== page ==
Lanzkowsky also looks forward to publishing her own findings, which point to BSGI as “a reliable and well-tolerated shortcut to the detection of significant lesions.”

BSGI is currently performed in many leading medical centers around the country, including Cornell University Medical Center in New York, George Washington University Medical Center in Washington, Northwestern Memorial Hospital in Chicago, and The Rose in Houston.

—Elaine Sanchez

Johns Hopkins Installs First 320-Slice CT in the United States

The Johns Hopkins Hospital, Baltimore, recently became the first medical institution in the United States to install the Aquilion ONE 320-slice CT scanner from Toshiba America Medical Systems Inc, Tustin, Calif. The 2-ton device, which costs more than $1 million, is one of two devices in the United States to be installed this year and is currently operational. It was awarded FDA clearance on November 27, 2007.

The Aquilion ONE’s detector coverage is more than five times greater than that of a 64-slice scanner.

The 320-slice scanner’s detector coverage is more than five times greater than that of a 64-slice device, and it can capture slices as wide as 16 cm in less than 1 second. “Full cardiac coverage with 320 detectors allows for the lowering of the radiation dose and improved temporal resolution, but there are several other advantages,” explained Richard George, MD, assistant professor of medicine in Johns Hopkins’ cardiology division. “The ability to image the heart over one heartbeat or less eliminates the need to reconstruct images over multiple heartbeats into a full cardiac volume. This eliminates step artifacts often seen with other scanners. Shorter scan times require lower contrast doses and fewer opportunities for motion artifacts secondary to patient movement.”

George notes that the 320-slice device shows promise for multiple cardiac applications, including the imaging of arrhythmias and stress perfusion imaging. “Full cardiac coverage over one heartbeat allows for imaging of atrial fibrillation and premature beats,” said George. “Furthermore, the lower contrast and radiation dose opens up the potential for rest and stress perfusion imaging, a promising application using cardiac CT.”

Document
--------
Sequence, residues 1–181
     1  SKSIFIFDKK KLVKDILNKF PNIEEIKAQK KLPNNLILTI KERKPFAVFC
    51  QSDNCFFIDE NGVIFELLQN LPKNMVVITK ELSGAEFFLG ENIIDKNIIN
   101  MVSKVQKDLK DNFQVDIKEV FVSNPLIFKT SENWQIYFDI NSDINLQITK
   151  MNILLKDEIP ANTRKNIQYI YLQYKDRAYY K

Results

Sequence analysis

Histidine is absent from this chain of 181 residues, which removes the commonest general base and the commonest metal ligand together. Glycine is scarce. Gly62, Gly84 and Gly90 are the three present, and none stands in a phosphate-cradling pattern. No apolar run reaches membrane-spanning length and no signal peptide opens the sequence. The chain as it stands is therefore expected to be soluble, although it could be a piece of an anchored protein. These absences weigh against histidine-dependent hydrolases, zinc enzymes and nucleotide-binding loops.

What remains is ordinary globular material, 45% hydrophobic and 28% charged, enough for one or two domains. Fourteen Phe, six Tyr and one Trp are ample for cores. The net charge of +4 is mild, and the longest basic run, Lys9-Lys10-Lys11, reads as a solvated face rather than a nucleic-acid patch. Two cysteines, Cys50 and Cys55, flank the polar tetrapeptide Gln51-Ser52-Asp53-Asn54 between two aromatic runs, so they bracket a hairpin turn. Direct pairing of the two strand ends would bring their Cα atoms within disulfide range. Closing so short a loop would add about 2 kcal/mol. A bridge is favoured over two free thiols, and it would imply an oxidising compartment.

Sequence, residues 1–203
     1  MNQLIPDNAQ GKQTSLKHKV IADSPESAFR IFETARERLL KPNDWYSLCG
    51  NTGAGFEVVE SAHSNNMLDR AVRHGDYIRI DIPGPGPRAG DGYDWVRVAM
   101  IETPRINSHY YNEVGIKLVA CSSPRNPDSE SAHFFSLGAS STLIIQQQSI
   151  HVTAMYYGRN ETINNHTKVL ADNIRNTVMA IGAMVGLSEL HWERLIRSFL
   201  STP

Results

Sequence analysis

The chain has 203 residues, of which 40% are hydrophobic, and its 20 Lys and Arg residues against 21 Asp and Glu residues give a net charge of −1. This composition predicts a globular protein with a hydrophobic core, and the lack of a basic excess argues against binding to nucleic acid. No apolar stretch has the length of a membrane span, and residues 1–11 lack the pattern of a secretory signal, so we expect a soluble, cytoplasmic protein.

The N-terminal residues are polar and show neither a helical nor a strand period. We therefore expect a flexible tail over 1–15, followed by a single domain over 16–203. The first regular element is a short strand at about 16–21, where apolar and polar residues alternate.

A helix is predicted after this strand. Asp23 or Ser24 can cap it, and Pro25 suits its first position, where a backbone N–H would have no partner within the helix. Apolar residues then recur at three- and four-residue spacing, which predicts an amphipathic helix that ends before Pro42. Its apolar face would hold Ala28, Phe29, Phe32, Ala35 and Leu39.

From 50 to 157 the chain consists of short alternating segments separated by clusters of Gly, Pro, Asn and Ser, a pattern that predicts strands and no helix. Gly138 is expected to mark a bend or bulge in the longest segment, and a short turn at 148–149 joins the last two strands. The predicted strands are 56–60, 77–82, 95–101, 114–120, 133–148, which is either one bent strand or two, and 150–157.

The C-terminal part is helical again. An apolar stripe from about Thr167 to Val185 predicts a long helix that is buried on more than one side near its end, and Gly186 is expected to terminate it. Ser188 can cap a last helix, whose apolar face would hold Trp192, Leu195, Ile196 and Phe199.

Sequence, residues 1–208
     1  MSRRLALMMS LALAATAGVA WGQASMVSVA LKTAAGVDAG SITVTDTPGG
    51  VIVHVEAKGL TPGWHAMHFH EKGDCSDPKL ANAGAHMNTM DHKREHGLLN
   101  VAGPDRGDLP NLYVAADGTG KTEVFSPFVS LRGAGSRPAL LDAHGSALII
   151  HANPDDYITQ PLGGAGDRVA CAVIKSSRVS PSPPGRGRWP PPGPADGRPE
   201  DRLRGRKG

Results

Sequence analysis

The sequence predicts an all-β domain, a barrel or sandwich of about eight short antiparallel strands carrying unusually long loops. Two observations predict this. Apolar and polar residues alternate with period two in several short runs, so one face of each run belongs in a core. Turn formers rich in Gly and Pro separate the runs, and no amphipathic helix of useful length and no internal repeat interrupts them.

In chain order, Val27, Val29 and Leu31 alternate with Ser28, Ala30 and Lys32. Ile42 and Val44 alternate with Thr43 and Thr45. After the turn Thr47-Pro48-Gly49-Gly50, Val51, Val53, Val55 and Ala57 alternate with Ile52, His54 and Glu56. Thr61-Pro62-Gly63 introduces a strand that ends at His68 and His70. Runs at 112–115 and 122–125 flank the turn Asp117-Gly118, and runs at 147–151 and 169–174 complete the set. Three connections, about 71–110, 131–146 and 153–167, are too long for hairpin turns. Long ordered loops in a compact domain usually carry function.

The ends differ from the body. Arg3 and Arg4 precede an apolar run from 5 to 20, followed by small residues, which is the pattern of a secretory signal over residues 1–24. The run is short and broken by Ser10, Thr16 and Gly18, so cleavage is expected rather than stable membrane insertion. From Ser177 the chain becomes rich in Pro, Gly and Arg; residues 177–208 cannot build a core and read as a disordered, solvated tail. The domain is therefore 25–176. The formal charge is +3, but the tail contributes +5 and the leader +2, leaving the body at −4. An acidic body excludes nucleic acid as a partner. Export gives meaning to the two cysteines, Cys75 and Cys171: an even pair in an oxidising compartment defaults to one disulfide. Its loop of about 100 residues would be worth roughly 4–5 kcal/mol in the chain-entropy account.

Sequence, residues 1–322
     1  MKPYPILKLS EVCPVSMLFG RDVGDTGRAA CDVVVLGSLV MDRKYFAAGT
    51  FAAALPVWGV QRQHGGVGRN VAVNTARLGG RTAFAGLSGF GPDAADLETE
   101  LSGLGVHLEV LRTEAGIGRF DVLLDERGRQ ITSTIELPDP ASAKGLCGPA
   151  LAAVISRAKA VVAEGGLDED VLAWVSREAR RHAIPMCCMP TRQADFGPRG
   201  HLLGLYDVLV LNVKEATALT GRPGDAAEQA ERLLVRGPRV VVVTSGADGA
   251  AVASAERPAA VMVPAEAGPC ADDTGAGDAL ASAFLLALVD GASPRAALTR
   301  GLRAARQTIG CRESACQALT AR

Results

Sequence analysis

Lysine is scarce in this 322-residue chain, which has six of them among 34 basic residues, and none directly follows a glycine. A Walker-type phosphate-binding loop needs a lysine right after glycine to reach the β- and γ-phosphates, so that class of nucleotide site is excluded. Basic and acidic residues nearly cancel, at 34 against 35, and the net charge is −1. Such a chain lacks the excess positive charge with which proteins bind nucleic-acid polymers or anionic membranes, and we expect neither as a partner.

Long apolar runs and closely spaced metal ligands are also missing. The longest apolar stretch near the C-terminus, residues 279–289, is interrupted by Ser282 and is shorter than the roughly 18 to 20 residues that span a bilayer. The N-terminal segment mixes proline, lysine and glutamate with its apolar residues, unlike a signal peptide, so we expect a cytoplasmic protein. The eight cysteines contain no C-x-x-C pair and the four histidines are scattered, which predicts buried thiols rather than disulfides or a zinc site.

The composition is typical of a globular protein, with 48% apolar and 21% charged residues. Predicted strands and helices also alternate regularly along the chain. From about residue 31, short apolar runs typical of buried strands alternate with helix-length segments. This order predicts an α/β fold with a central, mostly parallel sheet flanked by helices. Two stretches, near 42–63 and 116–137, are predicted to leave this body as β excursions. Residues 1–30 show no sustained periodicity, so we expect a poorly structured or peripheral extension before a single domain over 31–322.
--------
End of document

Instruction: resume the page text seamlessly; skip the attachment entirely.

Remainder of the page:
The development of 320-slice CT has been a long time coming; the Aquilion ONE is currently the only scanner on the market to boast such a wide detector area. The system utilizes the industry’s thinnest detector elements, just 0.5 mm, and is equipped with a table that accommodates patients weighing up to 650 pounds and coneXact dynamic volume CT reconstruction. Prototype 256-slice scanners were tested both in Japan and at Johns Hopkins prior to the release of the 320-slice device.

“The 320 system is a striking improvement over the 256 prototype systems,” said George. “While 256 detectors will cover most patients’ hearts, the extension of the detector array from 256 to 320 detectors ensures that every patient will have their entire heart covered by the detector array. We’re also very impressed with the improvements in processing time.” George says the team at Johns Hopkins have also significantly reduced dosage, thanks to the scanner’s improved resolution and imaging time: most CT angiograms require less than 5 mSv, depending on heart rate.

According to George, it’s still too early to make a call regarding the economic efficiency of such an expensive, high-powered device. Because it can safely image the whole brain, there are exciting implications for imaging of patients exhibiting stroke symptoms. The Aquilion ONE can rapidly acquire complete functional data with less radiation and contrast, speeding diagnosis. And patients with atrial fibrillation or frequent premature ventricular beats can now have a noninvasive angiogram using the system. “It is expected that the 320-slice CT scanner will be more accurate and applicable to a more diverse and complicated patient population than 64-detector technology,” said George.

—Cat Vasko